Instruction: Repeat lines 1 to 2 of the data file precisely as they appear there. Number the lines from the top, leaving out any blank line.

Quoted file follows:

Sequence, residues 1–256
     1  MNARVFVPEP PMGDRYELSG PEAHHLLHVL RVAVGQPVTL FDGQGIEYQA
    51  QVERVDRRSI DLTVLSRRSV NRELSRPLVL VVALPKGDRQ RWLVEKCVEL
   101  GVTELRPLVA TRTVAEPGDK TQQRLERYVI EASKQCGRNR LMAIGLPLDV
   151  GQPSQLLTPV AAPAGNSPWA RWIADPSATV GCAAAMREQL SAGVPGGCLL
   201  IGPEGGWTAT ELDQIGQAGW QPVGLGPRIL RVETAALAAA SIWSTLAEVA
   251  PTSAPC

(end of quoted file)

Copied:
Sequence, residues 1–256
     1  MNARVFVPEP PMGDRYELSG PEAHHLLHVL RVAVGQPVTL FDGQGIEYQA